How Dinah Shore came to discover golf, which suits her to a tee
| Los Angeles
Usually when a public relations firm invites you to lunch with someone like Dinah Shore to learn the details of her upcoming golf tournament, you wind up sitting in a crowded room with 100 other people, often in the most remote corner.
Only this time was different. This time I actually did get to eat at the same table as entertainment's First Lady of Golf.
Of course I had met Dinah several times before; even watched her play in a celebrity tournament with Robert Stack and Nancy Lopez in Palm Springs. But this is the first time we ever shared the same salt and pepper shaker.
What happened in this restaurant? Well, it was about what you'd expect: nothing that would make headlines, but a lot of fun conversation nevertheless.
The way Dinah Shore discovered golf is the way Christopher Columbus discovered America - by accident! Here was a thoroughly hooked tennis player who had made this her game as a kid, stayed with it all through high school and college (with time out as a cheerleader), and also made it her chief form of adult recreation.
''When I was living in Palm Springs one year, I played doubles almost every day with friends,'' Dinah told me. ''Usually we played on courts that were surrounded by cement walls that would hold in the heat like an electric blanket. Palm Springs is often hot anyway, and sometimes the combination of the temperature and those cement walls was just too much.
''My friends and I had started a doubles match early one afternoon when one of the girls said, 'This is ridiculous. When it's this hot, you don't play tennis, you play golf,' '' continued the singer who has nine gold records. ''My feeling is that the temperature that day was somewhere in the high 90s.''
When Dinah tried to beg off by saying that she'd never played golf before, didn't know anything about the game, didn't own any of the proper equipment, including shoes, her friends simply refused to take no for an answer. They told her they would lend her the right clubs and that she could play in her bare feet.
''I went along with them to be a good sport,'' Dinah explained. ''And I didn't play well at all. But you know, I loved what I was doing. I loved the kind of relaxed atmosphere I suddenly found myself in, and I loved feeling the cool grass under my feet.
''Whenever I played tennis with these same people, we were always so intense about the game that we never talked socially with each other. Now here I am walking along chatting with these same friends and taking time out to look at the flowers, trees, and mountains.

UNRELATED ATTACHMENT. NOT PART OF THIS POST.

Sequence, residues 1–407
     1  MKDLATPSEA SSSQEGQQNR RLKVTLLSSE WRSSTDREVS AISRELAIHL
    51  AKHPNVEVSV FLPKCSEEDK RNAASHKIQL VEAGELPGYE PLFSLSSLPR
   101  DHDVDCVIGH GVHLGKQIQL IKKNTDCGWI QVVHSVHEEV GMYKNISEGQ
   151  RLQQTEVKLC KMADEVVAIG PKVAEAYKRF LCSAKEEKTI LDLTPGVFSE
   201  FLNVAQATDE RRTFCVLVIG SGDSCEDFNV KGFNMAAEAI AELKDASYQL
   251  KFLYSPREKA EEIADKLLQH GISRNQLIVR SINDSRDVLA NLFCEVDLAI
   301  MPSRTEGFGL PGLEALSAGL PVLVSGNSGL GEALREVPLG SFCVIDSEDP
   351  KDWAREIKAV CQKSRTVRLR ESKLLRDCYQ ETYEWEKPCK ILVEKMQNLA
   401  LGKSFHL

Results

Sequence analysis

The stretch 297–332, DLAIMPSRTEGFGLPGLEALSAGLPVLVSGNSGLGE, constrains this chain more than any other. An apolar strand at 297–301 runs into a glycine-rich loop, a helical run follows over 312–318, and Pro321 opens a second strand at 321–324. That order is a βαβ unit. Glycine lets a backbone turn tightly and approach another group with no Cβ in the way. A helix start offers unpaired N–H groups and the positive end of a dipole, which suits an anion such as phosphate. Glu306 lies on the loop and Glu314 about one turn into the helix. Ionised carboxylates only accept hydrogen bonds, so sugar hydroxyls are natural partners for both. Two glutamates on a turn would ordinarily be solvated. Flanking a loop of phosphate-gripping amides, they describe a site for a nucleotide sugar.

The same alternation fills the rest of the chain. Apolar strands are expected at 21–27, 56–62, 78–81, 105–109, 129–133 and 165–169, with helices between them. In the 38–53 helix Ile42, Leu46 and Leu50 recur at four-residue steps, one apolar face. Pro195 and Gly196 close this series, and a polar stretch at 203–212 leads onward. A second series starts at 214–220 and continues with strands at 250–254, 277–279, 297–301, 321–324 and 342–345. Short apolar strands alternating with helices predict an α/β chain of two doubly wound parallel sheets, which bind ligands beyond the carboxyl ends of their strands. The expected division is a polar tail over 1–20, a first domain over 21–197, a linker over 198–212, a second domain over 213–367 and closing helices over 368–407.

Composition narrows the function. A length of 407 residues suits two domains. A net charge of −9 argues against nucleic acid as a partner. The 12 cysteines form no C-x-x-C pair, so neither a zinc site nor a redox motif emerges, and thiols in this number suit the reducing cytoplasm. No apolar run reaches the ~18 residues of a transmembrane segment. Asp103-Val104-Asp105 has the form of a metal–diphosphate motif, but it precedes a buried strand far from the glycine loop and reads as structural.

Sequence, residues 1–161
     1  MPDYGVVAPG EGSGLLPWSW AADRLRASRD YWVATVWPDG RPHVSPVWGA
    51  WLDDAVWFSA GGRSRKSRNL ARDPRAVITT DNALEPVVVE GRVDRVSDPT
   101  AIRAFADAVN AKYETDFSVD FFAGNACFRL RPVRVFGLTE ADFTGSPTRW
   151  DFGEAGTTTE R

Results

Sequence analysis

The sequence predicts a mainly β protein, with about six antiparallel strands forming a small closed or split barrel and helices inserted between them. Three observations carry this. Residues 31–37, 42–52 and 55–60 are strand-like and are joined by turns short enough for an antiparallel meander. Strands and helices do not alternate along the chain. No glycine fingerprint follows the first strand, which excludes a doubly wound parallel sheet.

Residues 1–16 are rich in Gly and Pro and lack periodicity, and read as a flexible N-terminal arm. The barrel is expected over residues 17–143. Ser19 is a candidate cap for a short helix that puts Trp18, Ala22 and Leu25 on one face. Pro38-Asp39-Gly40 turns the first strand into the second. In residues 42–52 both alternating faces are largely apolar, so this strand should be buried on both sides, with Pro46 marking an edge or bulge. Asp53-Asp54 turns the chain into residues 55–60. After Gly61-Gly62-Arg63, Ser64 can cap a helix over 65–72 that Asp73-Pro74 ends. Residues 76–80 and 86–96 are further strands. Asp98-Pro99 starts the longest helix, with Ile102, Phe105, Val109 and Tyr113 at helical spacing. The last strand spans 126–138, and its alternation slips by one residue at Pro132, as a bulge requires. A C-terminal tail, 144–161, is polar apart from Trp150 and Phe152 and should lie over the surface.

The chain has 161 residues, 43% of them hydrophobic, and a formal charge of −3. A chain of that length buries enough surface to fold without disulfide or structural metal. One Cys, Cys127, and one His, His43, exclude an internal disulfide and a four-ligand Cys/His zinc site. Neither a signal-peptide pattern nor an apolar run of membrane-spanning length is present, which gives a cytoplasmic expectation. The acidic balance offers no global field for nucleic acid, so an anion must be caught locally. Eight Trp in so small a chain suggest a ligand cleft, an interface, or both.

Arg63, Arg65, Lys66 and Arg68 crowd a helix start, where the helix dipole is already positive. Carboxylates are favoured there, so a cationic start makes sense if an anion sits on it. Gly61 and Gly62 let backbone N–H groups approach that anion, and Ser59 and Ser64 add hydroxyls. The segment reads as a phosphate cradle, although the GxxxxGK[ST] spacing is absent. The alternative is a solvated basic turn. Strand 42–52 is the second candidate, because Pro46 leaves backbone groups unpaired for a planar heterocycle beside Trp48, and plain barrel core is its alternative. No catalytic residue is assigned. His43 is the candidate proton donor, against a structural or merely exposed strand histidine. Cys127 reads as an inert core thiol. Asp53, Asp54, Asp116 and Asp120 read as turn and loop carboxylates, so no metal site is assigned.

''Of course I still like tennis and I still play tennis. But there's something about being out on a golf course in beautiful weather that makes you feel great. For a while, when I first started, I used to play the entire course with a three-iron. Over the years I've taken lessons from a number of different instructors, but my first teacher was tennis pro Ellsworth Vines.''
Celebrity tournaments, Dinah says, do not necessarily bring out the best in her because of a combination of being too crowd-conscious and trying too hard.
''One time, because the gallery following the group I was playing with was so large, I desperately wanted to do well on this particular hole,'' Dinah recalled. ''What I needed at this point was a chip shot that would land close enough to the pin so that I'd have an easy putt.
''Well, I thought I did everything right and when I lifted the ball toward the green everything looked and felt good. But the ball sailed over the green and hit a spectator on the shoulder. I didn't think he was hurt, but I felt so bad I ended up giving his wife a piece of my jewelry.''
Asked how often she plays golf these days in view of her heavy schedule, Dinah replied: ''I'd play every day if I could. I really like the game that much. But usually it depends on my schedule and my schedule the last three months has let me get out on the course just once.''
New York disc jockey Martin Block gave Shore (born Frances Rose Shore) her show-biz name. Returning to Nashville from a New Hampshire summer camp, the Vanderbilt University sophomore stopped in New York to audition for Block. When she later appeared on his show, Block couldn't remember her name, but did remember she'd sung ''Dinah'' in auditioning and went with that.
Oh, yes, the 1984 edition of her women's golf tournament, the Nabisco-Dinah Shore Invitational, will be played April 2-8 at the Mission Hills Country Club in Rancho Mirage, Calif., which is near Palm Springs.